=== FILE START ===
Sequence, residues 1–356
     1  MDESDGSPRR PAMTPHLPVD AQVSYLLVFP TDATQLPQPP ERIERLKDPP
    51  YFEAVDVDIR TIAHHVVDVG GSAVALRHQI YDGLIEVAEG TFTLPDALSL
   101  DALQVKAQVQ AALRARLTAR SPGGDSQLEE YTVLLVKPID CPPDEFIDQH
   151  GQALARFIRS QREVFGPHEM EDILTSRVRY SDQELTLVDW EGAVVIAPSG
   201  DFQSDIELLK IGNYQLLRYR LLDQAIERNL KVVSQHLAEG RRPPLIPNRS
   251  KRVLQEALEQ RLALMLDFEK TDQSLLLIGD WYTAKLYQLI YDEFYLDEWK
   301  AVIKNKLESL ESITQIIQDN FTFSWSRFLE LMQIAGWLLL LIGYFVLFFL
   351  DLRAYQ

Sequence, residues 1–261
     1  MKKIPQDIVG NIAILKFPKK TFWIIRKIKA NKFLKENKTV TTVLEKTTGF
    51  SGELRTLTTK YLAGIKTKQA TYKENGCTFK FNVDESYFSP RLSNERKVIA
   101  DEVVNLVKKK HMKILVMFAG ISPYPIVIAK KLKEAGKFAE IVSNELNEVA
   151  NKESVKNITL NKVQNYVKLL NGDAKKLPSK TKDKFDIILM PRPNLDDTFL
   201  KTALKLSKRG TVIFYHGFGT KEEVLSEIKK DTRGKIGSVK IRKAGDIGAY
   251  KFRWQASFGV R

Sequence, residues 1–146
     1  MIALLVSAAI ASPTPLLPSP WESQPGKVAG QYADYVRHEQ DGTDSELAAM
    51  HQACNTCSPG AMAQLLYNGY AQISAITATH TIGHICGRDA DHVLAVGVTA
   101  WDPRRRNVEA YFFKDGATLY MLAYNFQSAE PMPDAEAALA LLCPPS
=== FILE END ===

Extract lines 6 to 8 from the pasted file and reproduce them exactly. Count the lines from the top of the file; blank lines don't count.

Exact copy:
   201  DFQSDIELLK IGNYQLLRYR LLDQAIERNL KVVSQHLAEG RRPPLIPNRS
   251  KRVLQEALEQ RLALMLDFEK TDQSLLLIGD WYTAKLYQLI YDEFYLDEWK
   301  AVIKNKLESL ESITQIIQDN FTFSWSRFLE LMQIAGWLLL LIGYFVLFFL